Thursday, January 2, 2020
Machine learning, the process by which a computer uses algorithms and data to make predictions or decisions on its own, has tremendous potential for social and public good. Machine learning has transformed various industries and solved challenging problems in healthcare, education, media, and transportation. However, machine learning presents its own set of challenges and questions, especially when it comes to its societal impacts. William Wang, an assistant professor in UC Santa Barbara’s Department of Computer Science, is part of a movement to establish an ethical foundation for machine learning. Wang, who serves as director of UCSB’s Center for Responsible Machine Learning (CRML), examines important societal factors that should be considered when building algorithms such as fairness, transparency, and accountability. Launched in fall 2019, the CRML reflects the university’s commitment to define and build the future of machine learning algorithms and artificial intelligence (AI) systems.
“The center allows UCSB to advance our academic excellence in the areas of AI, machine learning, natural language processing (NLP), and computer vision,” explained Wang. “A unique emphasis in the center is tying cutting-edge research in AI with important societal impacts. We are also interested in understanding ethical issues in AI research, including legal and policy issues, and energy efficiency.”
The new year will bring with it a new channel for Wang and his center to spread their messages, the CRML Distinguished Lecture Series.
“These will be research-oriented academic lectures that dive into technical discussions about the solutions for the center’s key topics,” said Wang, who has received a DARPA Young Faculty Award from the U.S. Department of Defense, three IBM faculty awards, and multiple research awards from Facebook and Adobe for his work on machine learning and NLP. “Our hope is that these lectures will help increase the depth of research in the center and allow UCSB students and faculty to engage with leaders in the AI community.”
The first distinguished lecture will be given at 3:30 PM on Thursday, January 16, by Dr. Raymond Mooney, a professor in the Department of Computer Science at the University of Texas at Austin. An elected fellow of the Association for the Advancement of Artificial Intelligence (AAAI), the Association for Computing Machinery (ACM), and the Association for Computational Linguistics (ACL), Mooney has authored more than 170 published research papers, primarily in the areas of machine learning and NLP. Mooney also received the Classic Paper Award from AAAI, and best paper awards from AAAI, ACL, and Knowledge Discovery and Data Mining (KDD).
“Raymond Mooney has been a very insightful leader in our field, and he is particularly well known for his critical opinions of key methods in the development of NLP,” said Wang. “He has a proven track record of doing amazing research that tackle some of our field’s most difficult problems.”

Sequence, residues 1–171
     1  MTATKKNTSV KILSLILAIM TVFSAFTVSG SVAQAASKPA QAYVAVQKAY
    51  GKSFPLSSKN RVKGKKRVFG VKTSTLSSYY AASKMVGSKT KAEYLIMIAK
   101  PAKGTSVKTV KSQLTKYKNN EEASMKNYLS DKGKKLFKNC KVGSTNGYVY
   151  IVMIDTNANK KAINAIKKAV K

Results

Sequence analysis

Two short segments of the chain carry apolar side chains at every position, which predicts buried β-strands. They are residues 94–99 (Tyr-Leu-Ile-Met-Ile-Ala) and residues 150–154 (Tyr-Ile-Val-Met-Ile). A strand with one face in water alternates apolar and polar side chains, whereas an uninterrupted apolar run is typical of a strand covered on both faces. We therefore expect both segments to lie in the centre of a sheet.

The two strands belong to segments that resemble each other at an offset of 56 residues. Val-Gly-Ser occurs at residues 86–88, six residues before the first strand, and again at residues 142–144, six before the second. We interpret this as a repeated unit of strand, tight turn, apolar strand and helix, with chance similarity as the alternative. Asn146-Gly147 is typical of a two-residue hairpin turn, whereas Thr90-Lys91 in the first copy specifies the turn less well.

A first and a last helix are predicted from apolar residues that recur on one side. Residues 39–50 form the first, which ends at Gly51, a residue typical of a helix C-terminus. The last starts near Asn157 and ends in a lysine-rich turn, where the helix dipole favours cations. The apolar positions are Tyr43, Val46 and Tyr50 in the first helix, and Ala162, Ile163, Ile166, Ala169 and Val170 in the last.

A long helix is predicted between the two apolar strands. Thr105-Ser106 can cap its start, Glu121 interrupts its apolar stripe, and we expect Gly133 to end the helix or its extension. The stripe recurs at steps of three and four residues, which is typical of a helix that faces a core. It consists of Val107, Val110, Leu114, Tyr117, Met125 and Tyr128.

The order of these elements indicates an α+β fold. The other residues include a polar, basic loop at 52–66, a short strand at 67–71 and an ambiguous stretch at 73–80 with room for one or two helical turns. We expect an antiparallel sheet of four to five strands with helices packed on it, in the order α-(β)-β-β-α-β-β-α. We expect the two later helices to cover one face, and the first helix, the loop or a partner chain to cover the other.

During his presentation, “Robots that Learn Grounded Language Through Interactive Dialog,” Mooney will discuss methods he has developed to teach an office or home robot to accept natural language commands through natural dialog, rather than from manually labeled data. By engaging users in dialog, or conversation, the system learns a semantic parser to connect words to multi-modal (visual, auditory, and sense of touch) perception, which allows the robot to extract the precise meaning of an utterance. After testing his approach online with simulated robots and with people interacting with robots in his lab, Mooney’s methods successfully produced shorter dialogs over time and more accurately identified objects from natural language descriptions using multi-modal perception.
“He will discuss one of the most challenging aspects in AI: teaching machines to read, see, and understand our world,” said Wang. “How do humans connect images to concepts and knowledge in our mind? This is a fundamental challenge in our field because we need machines to understand our world, our common sense, and our basic knowledge. Only then, is it possible to have responsible machine learning.”
The lecture will take place at 3:30 PM on Thursday, January 16, inside the Mosher Alumni House. The lecture is free and open to the public. A reception will precede the lecture at 3 PM.
The series will continue with a lecture at 2 PM on Friday, February 28, with Dan Roth, a distinguished professor from the University of Pennsylvania’s Computer and Information Science Department. Roth’s research focuses on the computational foundations of intelligent behavior.
For more information about the CRML, visit http://ml.ucsb.edu/.
Center for Responsible Machine Learning Distinguished Lecture Series
Thursday, January 16, 2020 - 3:30 PM - Mosher Alumni House, UCSB
“Robots that Learn Grounded Language Through Interactive Dialog”
Dr. Raymond Moody
Professor, Computer Science
University of Texas, Austin
Reception to begin at 3 PM
Friday, February 28, 2020 – 2 PM – Location, TBA
Dr. Dan Roth
Distinguished Professor, Computer and Information Science
University of Pennsylvania
Reception to begin at 1:30 PM